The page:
Ford awarded $10 million grant to speed development of plug-ins

Ford Motor Company has been awarded a $10 million grant by the United States Department of Energy for research, development, and demonstration of plug-in hybrid electric vehicles (PHEVs).

Ford received the grant for the continued development of a demonstration fleet of 20 PHEVs. The total project cost is $20 million, and the government will fund 50 percent of the program.

In June, Ford delivered the first flexible fuel capable plug-in hybrid electric SUV to the Department of Energy. The Ford Escape Plug-in Hybrid, capable of running on gasoline or E85, is part of a demonstration fleet Ford is developing in a partnership with Southern California Edison, the Electric Power Research Institute, DTE and Johnson Controls/Saft.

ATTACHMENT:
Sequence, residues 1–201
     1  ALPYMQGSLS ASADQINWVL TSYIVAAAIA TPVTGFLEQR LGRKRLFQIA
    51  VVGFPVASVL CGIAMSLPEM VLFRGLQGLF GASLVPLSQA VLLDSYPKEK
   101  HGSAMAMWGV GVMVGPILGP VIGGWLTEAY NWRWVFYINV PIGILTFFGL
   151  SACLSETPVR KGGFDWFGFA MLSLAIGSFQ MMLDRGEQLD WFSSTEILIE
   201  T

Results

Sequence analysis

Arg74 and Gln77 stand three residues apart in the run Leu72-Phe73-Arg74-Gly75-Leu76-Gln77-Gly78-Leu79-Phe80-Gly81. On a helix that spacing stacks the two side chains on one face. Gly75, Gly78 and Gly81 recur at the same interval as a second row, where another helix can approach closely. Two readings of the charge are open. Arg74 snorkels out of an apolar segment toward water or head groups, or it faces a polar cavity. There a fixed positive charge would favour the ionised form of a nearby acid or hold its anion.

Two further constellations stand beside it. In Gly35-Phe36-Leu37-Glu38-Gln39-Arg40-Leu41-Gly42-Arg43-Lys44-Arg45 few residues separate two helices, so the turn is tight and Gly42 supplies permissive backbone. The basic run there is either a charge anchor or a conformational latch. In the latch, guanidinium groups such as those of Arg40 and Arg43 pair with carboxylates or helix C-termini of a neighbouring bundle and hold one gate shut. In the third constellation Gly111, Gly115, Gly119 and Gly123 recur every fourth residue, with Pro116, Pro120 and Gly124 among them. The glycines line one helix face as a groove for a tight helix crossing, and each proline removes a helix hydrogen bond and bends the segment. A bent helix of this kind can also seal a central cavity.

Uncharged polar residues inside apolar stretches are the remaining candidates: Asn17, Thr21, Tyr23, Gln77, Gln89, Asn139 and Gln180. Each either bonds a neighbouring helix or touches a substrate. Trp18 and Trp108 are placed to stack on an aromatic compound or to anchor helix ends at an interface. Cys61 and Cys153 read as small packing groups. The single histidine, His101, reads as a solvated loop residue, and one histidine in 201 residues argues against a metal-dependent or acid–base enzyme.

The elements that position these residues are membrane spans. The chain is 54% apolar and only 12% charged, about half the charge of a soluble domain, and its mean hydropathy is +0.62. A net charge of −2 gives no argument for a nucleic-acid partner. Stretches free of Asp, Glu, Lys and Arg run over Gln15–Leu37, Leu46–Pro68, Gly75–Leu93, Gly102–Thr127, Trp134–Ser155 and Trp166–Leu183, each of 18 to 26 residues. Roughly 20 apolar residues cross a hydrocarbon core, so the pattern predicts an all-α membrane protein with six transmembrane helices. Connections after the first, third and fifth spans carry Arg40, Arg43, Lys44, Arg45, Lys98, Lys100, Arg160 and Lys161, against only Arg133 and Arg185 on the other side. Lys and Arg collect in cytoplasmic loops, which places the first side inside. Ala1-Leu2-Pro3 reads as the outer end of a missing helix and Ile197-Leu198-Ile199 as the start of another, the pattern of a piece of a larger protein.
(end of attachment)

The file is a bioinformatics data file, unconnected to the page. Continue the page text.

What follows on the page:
Advanced vehicle testing is underway in California, Michigan and Washington, D.C. The company delivered the first gasoline-only Escape PHEV to Southern California Edison in December 2007.

The Ford Escape PHEV is equipped with a 10 kilowatt advanced lithium ion energy battery supplied by Johnson Controls/Saft that stores enough electric energy to drive up to 30 miles at speeds of up to 40 mph. The battery works in tandem with a small, four-cylinder engine.

Based on current estimates, the vehicle would emit 60 percent less CO2 than a conventional gasoline-powered vehicle. The CO2 reduction would reach 90 percent if cellulosic ethanol is used in place of gasoline.